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How To Avoid Being Ripped Off When Freelancing - PROGRESSING YOUR CREATIVE CAREER


How To Avoid Being Ripped Off When Freelancing


Unfortunately, what we were all taught about the world being a nice, friendly place was a bit misconstrued. Especially in terms of the business world; people will actually throw you under the bus in order for them to succeed or even just save a little bit of cash. We, as designers and creative people, sit at the very bottom of the corporate totem pole. It’s very easy to get ripped off when freelancing, especially when you are just starting out. Lucky for you I have listed a few important tips and tricks for you to remember that will help get you and your freelancing career off on the right foot.

1. The Negotiation Stage

Inevitably, you’re going to need to discuss payment for your freelance work and 99% of the time people are going to try and low ball you, that’s just what business people are like. What you need to do is have a set amount in your head, that you know your skills are worth. Whether that is $20 an hour, $25 an hour, $50 an hour, whatever your amount is, know it and use it as your bottom line and refuse to go any lower. Remember when setting the bottom line that you need to cover expenses like your software, your materials, your travel, your time, your rent, your food. Everything needs to factor in when setting your hourly rate.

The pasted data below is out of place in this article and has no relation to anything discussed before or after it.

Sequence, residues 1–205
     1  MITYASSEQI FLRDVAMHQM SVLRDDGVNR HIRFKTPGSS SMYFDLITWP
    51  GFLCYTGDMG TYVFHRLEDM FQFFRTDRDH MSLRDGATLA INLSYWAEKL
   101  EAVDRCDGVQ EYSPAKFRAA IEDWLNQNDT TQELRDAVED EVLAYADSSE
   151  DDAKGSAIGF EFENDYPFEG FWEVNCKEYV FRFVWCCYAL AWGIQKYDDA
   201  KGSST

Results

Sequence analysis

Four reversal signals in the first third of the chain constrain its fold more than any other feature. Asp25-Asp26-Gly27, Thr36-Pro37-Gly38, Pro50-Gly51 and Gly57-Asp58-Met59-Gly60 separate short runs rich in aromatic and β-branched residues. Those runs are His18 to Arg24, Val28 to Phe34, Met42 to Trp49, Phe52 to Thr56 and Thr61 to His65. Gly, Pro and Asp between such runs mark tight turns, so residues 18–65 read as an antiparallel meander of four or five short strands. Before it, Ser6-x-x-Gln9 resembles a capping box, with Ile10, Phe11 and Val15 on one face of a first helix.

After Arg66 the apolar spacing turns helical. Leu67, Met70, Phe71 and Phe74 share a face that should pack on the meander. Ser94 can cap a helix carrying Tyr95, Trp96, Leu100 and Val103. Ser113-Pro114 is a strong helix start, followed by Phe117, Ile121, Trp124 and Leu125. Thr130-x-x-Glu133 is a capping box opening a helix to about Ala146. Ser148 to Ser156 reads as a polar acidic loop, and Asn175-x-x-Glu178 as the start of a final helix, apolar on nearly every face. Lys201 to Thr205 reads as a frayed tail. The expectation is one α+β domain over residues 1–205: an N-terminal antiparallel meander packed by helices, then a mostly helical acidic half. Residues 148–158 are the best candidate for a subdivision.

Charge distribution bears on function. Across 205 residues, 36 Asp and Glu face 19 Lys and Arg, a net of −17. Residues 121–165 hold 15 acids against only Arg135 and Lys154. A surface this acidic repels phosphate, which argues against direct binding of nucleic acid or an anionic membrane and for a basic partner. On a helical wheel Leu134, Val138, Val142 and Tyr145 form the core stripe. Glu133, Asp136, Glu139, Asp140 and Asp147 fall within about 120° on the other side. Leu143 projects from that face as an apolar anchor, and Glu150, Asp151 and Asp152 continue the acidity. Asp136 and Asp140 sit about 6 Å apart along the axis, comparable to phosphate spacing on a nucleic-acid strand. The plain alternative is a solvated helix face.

2. The ‘This Will Be Good For Your Portfolio’ People

I would recommend stiff-arming anyone that says this to you straight in the face ASAP! Know that as a creative, you are worth a lot and people should have to pay for your skills, just like they pay a plumber to fix their toilet or a barista to make their coffee. Now don’t get me wrong, I have done pro bono work in the past, but only in cases where there was something in it for me, i.e. if it got me into an event or would put into contact with other business people whom I knew I could get a lot of paid work out of or if it was a small indy project that I believed in and wanted to help succeed.

3. Hold Onto Your Files


No matter how hard you work and how good of a job you do there will always be those people that try and stiff you when it comes to paying for the task that you’ve completed. I was working as freelance videographer shooting a promotional video for a Vancouver-based kickboxing studio. I had previously done some work for this guy and knew he was a little bit shady and I had a feeling that he was going to try and stiff me when it came to paying me for the work I did. So, thinking ahead, I finished the project and then created a 30-second demo of the 2.00-minute video. I told him that he would get the rest when he honoured my invoice in full. He was taken back by this and he demanded that I give him the full video and then he would pay me. I refused and stood my ground. He gave me a cheque for $600 of the $1100 that he owed me of which I took straight to the bank and cashed. I told him that I would be holding onto the completed video until he paid the rest of my invoice. To this day he has not paid me the money he owes, nor has he received the final version of the video that I have sitting on my computer.

Unfortunately, there are a lot of business people out there who will try and bully you into handing your work over for less than it’s worth, but it is important that you have the strength to stand your ground and always make sure that you have a ‘few cards’ left in your hand.

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Oliver Lee HansenComment